OBJECTIVE: This review highlights some of the general characteristics of PDEs and focuses mainly on the Protein-Protein Interactions (PPIs) of selected PDE enzymes. The objective is to review the role of PPIs in the specific mechanism for activation and thereby regulation of certain biological functions of PDEs.
METHODS: The article discusses some of the PPIs of selected PDEs as reported in recent scientific literature. These interactions are critical for understanding the biological role of the target PDE.
RESULTS: The PPIs have shown that each PDE has a specific mechanism for activation and thereby regulation a certain biological function.
CONCLUSION: Targeting of PDEs to specific regions of the cell is based on the interaction with other proteins where each PDE enzyme binds with specific protein(s) via PPIs.
METHODS: The necessary information collated on this review has been gathered from various literature published from 1995 to 2019.
RESULTS: This article sheds light on novel drug delivery approaches to target the immunological axis for several Candida species (C. albicans, C. glabrata, C. parapsilosis, C. tropicalis, C. krusei, C. rugose, C. hemulonii, etc.).
CONCLUSION: It is clear that the novel drug delivery approaches include vaccines, adoptive transfer of primed immune cells, recombinant cytokines, therapeutic antibodies, and nanoparticles, which have immunomodulatory effects. Such advancements in targeting various underpinning mechanisms using the concept of novel drug delivery will provide a new dimension to the fungal infection clinic particularly due to Candida species with improved patient compliance and lesser side effects. This advancement in knowledge can also be extended to target various other similar microbial species and infections.
METHODS: The anticancer activity of plant extracts and isolated compounds from Anchusa arvensis (A. arvensis) were studied against the cell culture of HepG-2 (human hepatocellular carcinoma cell lines) using 3-(4,5-Dimethylthiazol-yl)-diphenyl tetrazoliumbromide (MTT) assay. Apoptosis was investigated by performing Acridine orange -ethidium bromide staining, styox green assay and DNA interaction study. We also used tools for computational chemistry studies of isolated compounds with the tyrosine kinase.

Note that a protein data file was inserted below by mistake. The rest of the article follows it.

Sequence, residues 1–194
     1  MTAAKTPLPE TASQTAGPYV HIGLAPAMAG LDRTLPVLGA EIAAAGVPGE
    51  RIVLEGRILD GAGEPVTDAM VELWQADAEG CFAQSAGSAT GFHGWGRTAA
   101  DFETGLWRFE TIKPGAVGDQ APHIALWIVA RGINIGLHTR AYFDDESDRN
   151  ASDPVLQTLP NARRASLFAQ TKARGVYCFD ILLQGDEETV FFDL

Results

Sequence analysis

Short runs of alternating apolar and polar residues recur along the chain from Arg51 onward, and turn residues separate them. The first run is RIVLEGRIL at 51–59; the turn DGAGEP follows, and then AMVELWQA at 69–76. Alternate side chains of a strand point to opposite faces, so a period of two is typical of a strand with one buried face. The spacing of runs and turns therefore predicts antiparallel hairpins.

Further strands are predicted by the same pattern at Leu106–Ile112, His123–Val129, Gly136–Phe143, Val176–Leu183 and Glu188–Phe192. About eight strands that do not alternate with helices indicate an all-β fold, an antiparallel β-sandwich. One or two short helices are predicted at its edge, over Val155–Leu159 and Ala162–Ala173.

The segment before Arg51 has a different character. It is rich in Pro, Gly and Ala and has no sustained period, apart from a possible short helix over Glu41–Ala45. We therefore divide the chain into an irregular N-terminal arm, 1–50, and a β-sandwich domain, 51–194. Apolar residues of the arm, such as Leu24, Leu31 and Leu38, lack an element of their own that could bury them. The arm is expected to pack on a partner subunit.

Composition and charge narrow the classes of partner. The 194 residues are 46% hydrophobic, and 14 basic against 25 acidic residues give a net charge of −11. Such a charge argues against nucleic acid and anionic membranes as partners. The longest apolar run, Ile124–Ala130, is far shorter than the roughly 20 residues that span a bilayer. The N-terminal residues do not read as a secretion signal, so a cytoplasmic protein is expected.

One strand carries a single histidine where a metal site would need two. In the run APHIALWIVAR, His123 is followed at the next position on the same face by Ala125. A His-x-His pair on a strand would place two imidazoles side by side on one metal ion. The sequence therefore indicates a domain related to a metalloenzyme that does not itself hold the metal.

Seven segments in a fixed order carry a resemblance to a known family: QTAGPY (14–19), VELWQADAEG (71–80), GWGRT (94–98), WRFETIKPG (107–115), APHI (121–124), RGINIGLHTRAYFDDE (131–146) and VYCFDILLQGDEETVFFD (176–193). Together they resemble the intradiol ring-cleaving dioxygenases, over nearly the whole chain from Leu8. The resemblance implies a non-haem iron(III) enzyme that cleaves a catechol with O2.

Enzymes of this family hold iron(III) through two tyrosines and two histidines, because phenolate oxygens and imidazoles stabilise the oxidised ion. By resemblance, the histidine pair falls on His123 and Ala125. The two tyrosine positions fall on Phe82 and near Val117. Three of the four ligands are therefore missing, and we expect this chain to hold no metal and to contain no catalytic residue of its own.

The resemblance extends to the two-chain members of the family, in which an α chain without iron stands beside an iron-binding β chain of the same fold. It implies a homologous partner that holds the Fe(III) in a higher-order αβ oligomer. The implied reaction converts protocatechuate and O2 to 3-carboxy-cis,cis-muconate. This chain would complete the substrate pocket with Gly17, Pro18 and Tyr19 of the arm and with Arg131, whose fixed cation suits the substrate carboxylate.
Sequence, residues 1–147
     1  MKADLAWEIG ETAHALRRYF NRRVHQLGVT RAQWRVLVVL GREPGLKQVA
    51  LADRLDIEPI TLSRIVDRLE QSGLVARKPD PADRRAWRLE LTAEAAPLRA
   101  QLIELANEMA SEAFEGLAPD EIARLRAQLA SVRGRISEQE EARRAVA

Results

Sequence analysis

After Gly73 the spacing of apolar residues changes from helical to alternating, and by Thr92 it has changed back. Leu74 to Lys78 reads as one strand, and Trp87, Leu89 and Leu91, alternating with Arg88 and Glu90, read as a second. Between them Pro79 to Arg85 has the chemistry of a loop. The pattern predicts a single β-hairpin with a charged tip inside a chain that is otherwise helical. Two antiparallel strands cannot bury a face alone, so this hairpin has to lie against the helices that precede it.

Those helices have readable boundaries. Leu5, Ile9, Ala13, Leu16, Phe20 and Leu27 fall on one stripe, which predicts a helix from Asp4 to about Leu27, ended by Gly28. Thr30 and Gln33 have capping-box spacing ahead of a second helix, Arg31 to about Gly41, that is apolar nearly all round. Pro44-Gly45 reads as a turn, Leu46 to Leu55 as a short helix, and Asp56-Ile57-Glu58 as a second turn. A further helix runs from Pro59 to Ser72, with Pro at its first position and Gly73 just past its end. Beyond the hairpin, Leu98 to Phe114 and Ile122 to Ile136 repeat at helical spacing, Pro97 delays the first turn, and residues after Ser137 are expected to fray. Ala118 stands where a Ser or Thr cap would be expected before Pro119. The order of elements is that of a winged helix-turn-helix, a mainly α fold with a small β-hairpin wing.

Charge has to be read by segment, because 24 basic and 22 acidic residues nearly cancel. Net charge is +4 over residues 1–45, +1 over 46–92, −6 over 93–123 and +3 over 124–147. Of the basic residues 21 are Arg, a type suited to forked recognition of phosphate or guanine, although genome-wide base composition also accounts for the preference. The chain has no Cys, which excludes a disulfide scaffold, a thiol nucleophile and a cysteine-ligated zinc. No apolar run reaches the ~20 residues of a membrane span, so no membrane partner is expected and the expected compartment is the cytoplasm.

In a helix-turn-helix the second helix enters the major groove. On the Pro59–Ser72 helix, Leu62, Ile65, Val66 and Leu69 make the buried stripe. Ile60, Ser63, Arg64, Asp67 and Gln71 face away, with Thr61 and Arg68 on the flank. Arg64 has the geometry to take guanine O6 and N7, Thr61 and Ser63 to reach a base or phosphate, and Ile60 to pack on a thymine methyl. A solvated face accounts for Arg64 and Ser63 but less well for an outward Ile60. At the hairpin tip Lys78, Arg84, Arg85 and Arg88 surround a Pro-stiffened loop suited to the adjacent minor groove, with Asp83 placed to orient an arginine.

RESULTS: In MTT assay, the crude extract caused a significant cytotoxic effect with IC50 of 34.14 ± 0.9 μg/ml against HepG-2 cell lines. Upon fractionation, chloroform fraction (Aa.Chm) exhibited the highest antiproliferative activity with IC50 6.55 ± 1.2 μg/ml followed by ethyl acetate (Aa.Et) fraction (IC50, 24.59 ± 0.85 μg/ml) and n-hexane (Aa.Hex) fraction (IC50 29.53 ± 1.5μg/ml). However, the aqueous (Aa.Aq) fraction did not show any anti-proliferative activity. Bioactivity-guided isolation led to the isolation of two compounds which were characterized as para-methoxycatechol (1) and decane (2) through various spectroscopic techniques. Against HepG-2 cells, compound 1 showed marked potency with IC50 6.03 ± 0.75 μg/ml followed by 2 with IC50 18.52 ± 1.9 μg/ml. DMSO was used as a negative control and doxorubicin as a reference standard (IC50 1.3 ± 0.21 μg/ml). It was observed that compounds 1-2 caused apoptotic cell death evaluated by Acridine orange -ethidium bromide staining, styox green assay and DNA interaction study, therefore both compounds were tested for molecular docking studies against tyrosine kinase to support cytotoxic activity.
CONCLUSION: This study revealed that the plant extracts and isolated compounds possess promising antiproliferative activity against HepG-2 cell lines via apoptotic cell death.